Dune by Frank Herbert
Probably my favourite sci-fi book ever. Set far in the future, Dune is the story of Paul Atreides, the young duke of a desert planet, and his battle to overthrow his enemies. I love this book because it’s just so rich. To me, fantasy and sci-fi works best when the author has clearly worked out every detail of the world they’ve created, and that’s what you have here. A rich cast of characters, a detailed history and political background make Dune an awesome read.

The Lord of The Rings
The Lord of the Ringsby JRR Tolkien
I read this when I was 11 and it blew my mind. As with Dune, the world created here is so rich and detailed, down to the invented languages and history, which again makes the story really rich. I have mixed feelings about the films; they’re good, but I’m not sure they capture the spirit of the books that well. But the books, I come back to time and time again.

Cloud Atlas
Cloud Atlas by David Mitchell
Cloud Atlas is really clever. It’s a series of short stories nested within each other, moving forwards through time, with each story featuring in the next in some way. The characters are linked, and the book explores the good and darker sides of humanity and how we try and dominate each other. It’s deep, sure, but well worth it. Each story has a different feel – one is a murder mystery, another is a travel voyage, another is science fiction. Like I say, very clever.

Captain Corelli's Mandolin
Captain Corelli’s Mandolin by Louis de Bernieres
This is a love story. A real love story, with sadness and regret and people being very very human. Set on a small Greek Island during the Second World War, this is the story of local girl Pelagia who falls in love with an invading Italian officer. At times utterly heartbreaking, this is one I fell in love with the first time I read it.

Sophie's World
Sophie’s World by Jostein Gaarder
Sophie is a 15 year old Norwegian girl who finds mysterious messages asking her questions. She gets drawn into a quest with a mysterious philosopher, and together they follow the history of Western philosophy before realising they are characters in a book written for a girl called Hilde. It all gets a bit metaphysical at the end, but it’s a great way to discover different philosophical ideas. It came out when I was 15, so maybe that’s why it struck a chord with me.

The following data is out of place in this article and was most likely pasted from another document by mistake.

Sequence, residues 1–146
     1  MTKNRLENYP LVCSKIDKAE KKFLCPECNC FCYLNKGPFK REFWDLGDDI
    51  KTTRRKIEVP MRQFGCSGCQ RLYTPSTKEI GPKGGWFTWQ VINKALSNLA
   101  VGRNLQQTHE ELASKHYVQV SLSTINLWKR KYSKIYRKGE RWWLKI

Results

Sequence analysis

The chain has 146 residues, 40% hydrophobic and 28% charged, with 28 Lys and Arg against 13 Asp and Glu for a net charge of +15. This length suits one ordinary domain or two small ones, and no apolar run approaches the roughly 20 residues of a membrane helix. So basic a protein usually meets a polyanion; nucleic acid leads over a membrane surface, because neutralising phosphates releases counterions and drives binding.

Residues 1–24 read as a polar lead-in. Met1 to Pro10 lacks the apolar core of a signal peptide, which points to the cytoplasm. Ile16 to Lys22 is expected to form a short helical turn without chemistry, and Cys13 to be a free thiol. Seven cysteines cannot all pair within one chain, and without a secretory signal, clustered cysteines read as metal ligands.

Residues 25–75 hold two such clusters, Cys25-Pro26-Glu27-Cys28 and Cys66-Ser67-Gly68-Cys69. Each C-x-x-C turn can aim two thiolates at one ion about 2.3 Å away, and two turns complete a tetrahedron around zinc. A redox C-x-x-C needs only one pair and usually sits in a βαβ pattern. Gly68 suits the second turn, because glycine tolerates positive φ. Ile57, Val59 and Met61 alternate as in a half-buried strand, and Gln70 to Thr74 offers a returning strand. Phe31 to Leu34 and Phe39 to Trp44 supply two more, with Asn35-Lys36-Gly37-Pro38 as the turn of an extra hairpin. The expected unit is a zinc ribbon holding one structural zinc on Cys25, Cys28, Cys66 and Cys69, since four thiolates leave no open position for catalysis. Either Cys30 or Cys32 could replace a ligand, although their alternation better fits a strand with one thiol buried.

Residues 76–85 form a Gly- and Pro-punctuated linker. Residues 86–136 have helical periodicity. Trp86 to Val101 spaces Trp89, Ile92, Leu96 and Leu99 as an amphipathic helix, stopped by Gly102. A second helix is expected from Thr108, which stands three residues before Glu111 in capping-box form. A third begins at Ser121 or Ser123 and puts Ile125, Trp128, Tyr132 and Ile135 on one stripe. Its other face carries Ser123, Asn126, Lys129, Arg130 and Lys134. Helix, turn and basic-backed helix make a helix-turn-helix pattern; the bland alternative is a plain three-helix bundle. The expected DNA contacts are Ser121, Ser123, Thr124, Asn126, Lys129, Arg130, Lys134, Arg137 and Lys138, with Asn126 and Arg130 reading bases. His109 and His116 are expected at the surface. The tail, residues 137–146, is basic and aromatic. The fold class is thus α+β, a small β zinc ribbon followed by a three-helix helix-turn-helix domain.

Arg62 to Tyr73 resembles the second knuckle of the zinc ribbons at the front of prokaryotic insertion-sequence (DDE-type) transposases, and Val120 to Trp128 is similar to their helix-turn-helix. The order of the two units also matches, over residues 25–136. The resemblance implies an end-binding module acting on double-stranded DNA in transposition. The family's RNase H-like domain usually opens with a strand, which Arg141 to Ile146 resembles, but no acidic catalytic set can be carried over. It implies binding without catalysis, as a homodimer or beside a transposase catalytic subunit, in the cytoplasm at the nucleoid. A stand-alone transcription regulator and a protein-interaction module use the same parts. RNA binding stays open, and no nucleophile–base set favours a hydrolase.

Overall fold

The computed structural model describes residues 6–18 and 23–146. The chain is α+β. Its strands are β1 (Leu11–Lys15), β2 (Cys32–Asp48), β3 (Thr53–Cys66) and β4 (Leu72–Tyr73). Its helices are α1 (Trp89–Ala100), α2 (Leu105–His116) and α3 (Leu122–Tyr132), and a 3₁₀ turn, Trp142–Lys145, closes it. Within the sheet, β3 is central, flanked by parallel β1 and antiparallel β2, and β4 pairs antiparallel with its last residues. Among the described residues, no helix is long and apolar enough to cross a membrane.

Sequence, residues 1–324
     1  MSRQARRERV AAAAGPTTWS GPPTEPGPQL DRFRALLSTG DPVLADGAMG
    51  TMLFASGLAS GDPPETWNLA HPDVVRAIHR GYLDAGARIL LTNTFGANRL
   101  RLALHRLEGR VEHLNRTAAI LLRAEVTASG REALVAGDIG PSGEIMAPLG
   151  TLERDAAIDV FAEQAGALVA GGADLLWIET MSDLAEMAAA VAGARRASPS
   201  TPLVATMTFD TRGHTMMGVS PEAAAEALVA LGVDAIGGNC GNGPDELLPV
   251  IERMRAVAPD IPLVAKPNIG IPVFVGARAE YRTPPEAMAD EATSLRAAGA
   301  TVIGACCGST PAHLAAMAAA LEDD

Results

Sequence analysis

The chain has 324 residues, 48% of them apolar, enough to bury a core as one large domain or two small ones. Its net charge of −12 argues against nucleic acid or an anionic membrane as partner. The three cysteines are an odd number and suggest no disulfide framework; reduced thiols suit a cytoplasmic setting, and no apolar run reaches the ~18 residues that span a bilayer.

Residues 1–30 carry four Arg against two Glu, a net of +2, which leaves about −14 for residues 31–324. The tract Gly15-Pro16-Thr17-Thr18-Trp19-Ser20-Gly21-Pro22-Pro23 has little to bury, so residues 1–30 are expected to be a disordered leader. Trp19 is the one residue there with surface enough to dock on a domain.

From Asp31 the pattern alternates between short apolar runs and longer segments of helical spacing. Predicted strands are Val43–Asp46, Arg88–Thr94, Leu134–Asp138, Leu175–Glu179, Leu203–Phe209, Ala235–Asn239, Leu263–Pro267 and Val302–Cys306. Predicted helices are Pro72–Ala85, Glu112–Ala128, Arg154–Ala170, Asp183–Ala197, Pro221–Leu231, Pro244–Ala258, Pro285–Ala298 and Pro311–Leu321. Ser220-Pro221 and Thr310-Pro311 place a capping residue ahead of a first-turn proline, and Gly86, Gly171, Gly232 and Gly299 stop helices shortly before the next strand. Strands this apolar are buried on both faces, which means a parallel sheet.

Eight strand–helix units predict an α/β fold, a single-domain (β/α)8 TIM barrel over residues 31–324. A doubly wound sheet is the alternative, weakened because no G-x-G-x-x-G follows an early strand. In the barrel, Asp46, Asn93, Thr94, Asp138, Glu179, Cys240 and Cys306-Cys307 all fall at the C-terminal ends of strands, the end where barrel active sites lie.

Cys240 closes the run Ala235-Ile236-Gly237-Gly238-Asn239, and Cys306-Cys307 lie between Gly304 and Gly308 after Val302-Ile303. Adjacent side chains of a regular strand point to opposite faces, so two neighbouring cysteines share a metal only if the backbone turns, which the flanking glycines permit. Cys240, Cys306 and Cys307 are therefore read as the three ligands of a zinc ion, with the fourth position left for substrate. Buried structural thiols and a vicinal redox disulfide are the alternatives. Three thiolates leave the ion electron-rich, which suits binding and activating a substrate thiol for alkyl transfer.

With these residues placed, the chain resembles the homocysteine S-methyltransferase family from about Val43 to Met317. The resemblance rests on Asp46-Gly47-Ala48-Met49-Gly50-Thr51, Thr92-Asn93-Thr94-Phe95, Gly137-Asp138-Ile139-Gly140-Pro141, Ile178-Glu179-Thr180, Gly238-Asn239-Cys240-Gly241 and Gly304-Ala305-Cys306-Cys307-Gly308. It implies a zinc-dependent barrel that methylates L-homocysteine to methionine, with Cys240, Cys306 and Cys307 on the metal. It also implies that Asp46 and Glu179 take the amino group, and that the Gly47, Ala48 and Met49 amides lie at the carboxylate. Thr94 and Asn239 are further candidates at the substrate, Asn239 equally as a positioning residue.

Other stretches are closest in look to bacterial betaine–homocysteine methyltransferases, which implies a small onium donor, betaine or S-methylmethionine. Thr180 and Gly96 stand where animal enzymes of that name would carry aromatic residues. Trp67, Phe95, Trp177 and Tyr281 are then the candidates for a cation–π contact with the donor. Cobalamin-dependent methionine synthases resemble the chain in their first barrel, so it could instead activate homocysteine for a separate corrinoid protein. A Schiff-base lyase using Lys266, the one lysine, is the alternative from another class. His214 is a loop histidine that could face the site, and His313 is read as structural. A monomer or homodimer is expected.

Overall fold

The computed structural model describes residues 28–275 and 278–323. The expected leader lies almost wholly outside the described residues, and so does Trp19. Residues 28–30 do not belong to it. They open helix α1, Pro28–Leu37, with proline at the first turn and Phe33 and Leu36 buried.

The Handmaid's Tale
The Handmaid’s Tale by Margaret Atwood
This story is set in a somewhat dystopian future, where most women are infertile. Women who have born children are put into rich families to act as surrogates, called handmaids, and the book is told from the point of view of one of these women. It’s a great story in itself, but it’s also pretty thought-provoking.

High Fidelity
High Fidelity by Nick Hornby
Another book whose film adaptation I can’t make up my mind about. High Fidelity Is the story of Rob, a music lover who runs a record shop, and the ups and downs of his love life. It’s funny, it has lots of musical geekery in it, Rob’s endless top 5 lists are fascinating and, he’s a really awesome character, because he’s just such a normal guy; you can imagine bumping into him in any pub. The reason I’m not sold on the movie is because they moved it to America, and this is such an English book.

Perdido Street Station
Perdido Street Station by China Mieville
I used to read a lot of fantasy when I was younger, but kind of got bored with it over the years. It all seemed so samey. Then, a few years ago, I read this and remembered why I love fantasy, if it’s done well. I also fell a little bit in love with China Mieville when I saw him speak at a Literature festival a few years ago. He writes beautifully – I’ve seen criticism along the lines of suggesting he writes with a thesaurus open. But when you hear him speak you realise that no, he has an absolutely astounding vocabulary and command of the English language. It’s hard to sum up the plot of Perdido Stret Station in a few words but essentially it’s an urban steampunkish fantasy thriller.